Gaspar, pobre Gaspar. He’s the class’s hanging chad, the Great White Hope. Taciturn, self-conscious, he left school at twelve to become a botones, an errand boy for the Post Office, to support his family. At fifty-three, he’s the head stationery guy. He’s got a thirteen-year-old son he doesn’t understand, a marvellous memory for individual words in English and a hangdog look that intensifies every time he has to say something in English. 

Gaspar stares down at his paper and starts to speak in a voice so soft that even Remedios, who’s sitting right beside him, has to tell him to speak up. POA-pee? No. It was a rabbit given to him on his birthday, June 15th. Many Spaniards don’t pronounce the “s” sound of plural nouns: it takes a bit before the class realizes that this wasn’t a one- time rabbit, but a series of them. Some were soft and cuddly, one had sharp teeth and an attitude problem, but all of them were fluffy and cute and, with alarming regularity, would appear in the paella Gaspar’s father cooked to celebrate the holiday for the Assumption of the Virgin on August 15th.

How many rabbits, Gaspar?

He starts counting on his fingers: Seven. Seven revoked rabbits, seven double-duty rabbits: birthday present AND celebratory meal. Given that Spain’s food industry was literally blown to bits by the Civil War, a rabbit was a valuable commodity in a protein-poor nation.

Gaspar smiles wanly and hands the ball to Santiago.

A chicken.

A what?

Santiago looks at me like I’m daft and tucks his hands into his armpits. “You know! Brak-brak-brak-brak-brak!!!!”

Icíar looks at Santiago. “But where you lived? You in a flat lived, ¿no?”

“Yeah. We call her Manchita. Like on your clothes, you know?” Little Stain. He points to his eye. “White here but everywhere else black.”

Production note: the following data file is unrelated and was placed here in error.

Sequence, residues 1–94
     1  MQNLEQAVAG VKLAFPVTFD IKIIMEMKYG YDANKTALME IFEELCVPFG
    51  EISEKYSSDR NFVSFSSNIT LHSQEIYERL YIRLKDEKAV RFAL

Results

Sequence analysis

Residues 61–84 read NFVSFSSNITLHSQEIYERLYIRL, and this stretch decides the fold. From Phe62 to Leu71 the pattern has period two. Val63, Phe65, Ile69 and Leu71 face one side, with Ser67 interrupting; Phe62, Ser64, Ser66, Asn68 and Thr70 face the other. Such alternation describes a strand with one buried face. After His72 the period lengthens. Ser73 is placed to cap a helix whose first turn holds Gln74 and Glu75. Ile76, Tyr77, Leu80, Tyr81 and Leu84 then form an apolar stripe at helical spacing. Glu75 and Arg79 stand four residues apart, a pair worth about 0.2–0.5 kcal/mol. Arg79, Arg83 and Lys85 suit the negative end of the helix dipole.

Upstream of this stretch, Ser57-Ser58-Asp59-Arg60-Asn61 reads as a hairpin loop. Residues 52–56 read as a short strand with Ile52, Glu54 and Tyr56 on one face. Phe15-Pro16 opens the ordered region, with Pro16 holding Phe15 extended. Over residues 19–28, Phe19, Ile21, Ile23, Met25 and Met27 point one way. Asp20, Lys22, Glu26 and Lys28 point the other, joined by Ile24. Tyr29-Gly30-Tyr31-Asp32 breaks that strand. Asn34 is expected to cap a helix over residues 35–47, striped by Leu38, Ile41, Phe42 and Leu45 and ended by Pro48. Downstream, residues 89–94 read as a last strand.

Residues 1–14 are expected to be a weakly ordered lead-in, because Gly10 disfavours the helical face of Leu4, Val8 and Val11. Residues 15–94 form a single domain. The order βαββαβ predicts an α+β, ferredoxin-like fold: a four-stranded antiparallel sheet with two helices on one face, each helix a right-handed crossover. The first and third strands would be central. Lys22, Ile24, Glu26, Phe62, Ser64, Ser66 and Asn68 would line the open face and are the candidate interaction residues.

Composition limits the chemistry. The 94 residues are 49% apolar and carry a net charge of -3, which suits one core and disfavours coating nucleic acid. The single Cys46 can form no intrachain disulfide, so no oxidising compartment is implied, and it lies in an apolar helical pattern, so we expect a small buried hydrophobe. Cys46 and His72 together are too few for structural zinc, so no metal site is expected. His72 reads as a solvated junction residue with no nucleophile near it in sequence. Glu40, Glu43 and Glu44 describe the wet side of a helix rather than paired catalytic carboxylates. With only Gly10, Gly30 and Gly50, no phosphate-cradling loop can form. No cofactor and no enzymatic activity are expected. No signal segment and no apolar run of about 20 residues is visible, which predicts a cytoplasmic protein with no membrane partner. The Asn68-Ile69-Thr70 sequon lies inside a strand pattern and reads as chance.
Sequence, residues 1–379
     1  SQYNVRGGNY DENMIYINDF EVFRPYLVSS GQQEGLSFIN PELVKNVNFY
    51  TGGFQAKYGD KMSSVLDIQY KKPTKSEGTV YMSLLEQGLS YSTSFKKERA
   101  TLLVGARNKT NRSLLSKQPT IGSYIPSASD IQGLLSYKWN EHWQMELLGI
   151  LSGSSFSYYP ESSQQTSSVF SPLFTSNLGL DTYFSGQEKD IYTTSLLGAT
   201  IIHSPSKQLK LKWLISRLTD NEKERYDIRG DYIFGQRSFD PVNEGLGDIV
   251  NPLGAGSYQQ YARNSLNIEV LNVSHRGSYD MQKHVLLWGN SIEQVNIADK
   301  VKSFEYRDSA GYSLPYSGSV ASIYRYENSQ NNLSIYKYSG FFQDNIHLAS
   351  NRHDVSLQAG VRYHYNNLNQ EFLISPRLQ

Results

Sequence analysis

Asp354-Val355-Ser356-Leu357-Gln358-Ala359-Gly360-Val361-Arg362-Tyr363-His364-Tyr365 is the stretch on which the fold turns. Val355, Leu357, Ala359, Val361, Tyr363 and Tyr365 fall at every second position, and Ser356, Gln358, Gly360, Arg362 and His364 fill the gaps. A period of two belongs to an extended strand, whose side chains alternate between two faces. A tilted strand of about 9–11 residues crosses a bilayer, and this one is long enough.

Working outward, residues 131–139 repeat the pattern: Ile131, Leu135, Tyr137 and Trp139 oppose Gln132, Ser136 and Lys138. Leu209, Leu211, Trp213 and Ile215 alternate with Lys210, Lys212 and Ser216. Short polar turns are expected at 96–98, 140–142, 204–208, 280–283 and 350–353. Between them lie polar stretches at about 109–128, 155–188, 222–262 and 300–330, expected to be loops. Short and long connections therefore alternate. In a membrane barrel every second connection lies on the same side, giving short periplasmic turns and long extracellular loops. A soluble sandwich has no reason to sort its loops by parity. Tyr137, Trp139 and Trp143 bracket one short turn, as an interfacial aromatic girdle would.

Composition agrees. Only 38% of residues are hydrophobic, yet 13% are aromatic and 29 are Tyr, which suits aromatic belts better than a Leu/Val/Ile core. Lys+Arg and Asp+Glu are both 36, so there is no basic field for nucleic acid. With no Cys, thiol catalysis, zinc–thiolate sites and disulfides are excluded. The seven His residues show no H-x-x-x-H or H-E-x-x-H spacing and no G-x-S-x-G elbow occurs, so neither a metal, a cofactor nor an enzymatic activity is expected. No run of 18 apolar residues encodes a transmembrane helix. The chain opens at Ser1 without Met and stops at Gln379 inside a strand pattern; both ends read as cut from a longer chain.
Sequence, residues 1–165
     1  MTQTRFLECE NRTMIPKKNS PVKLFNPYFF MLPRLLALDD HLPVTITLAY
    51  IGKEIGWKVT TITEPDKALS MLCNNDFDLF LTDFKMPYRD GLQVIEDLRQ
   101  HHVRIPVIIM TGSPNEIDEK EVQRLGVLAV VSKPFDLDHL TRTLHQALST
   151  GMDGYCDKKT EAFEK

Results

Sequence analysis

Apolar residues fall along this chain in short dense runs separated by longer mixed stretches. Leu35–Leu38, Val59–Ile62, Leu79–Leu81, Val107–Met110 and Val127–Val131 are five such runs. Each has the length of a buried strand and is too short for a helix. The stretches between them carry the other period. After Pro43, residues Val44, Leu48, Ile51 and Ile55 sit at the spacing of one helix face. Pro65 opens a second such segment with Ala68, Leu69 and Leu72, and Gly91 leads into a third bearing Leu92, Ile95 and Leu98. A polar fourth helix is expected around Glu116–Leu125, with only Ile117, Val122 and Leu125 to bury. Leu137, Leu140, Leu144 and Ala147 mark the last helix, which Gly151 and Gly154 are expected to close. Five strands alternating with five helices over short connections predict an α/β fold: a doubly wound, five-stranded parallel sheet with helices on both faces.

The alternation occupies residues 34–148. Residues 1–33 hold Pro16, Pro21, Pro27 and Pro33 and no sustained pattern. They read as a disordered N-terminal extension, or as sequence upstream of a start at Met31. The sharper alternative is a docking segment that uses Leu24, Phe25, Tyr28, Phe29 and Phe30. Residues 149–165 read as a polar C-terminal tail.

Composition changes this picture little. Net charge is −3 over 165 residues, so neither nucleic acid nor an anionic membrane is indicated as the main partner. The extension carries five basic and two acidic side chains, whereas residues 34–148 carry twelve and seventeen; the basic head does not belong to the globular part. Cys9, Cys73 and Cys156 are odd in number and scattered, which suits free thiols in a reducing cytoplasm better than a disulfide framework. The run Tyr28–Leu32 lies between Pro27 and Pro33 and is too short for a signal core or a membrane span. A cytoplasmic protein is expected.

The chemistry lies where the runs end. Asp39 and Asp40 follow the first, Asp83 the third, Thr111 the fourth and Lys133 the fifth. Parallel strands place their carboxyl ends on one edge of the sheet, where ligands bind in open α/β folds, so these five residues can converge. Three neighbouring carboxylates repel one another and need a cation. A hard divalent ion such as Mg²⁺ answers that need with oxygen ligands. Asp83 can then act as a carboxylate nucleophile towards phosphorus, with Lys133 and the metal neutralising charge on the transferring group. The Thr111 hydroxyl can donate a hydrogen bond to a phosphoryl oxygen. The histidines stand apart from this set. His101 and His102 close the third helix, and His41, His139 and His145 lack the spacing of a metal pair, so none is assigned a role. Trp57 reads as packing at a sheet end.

Remedios: “But was how big the flat?”

Santiago does some quick mental math: “Forty square metres, I think? Two bedrooms.” 

Santiago is the middle child of five.

“How say cariñoso in English? Affectionate, yeah. Was very affectionate and loved when people visited.” Hands out of his armpits, arms outstretched, he stands up and lumbers towards Remedios. “New person visits, Manchita running!”

The others can ́t hide the guilty grins on their faces: Traditional Valencian paellas use chicken as well as rabbit meat.

“How old when died?”

Santiago shrugs. “Dunno. She broke leg behind sofa once so she couldn’t walk. We taught how to fly.”

You what, Santi?

“Yeah! Here, me, this side of sofa, my brother Alvaro there.” He takes the ball and lobs it underhand to Gaspar. “Whoop! Whoop! Back and fort, back and fort and after two hours, Manchita flies! My mudder was cabreá (pissed off)! Feathers everywhere! But Manchita flies.”

“How long did you have Manchita in your house?”

“One year. Too big from eating the garbage, so we gave her to my uncle.”

“She finished [ended up] in paella?”

Remedios laughs so hard that rivulets of eye shadow and mascara run down her cheeks, jagging every so often when she hiccups. Icíar gives herself hiccups, too. Gaspar tries to stifle his laughter and goes red with the effort. Santiago just grins and shrugs.

“Next time, it’s boyfriends or girlfriends! No more pets.”

We now have four classes left. The thought has crossed my mind that we should go for paella for the last class. Seafood paella. Squid, mussels and shrimp make pretty lamentable pets.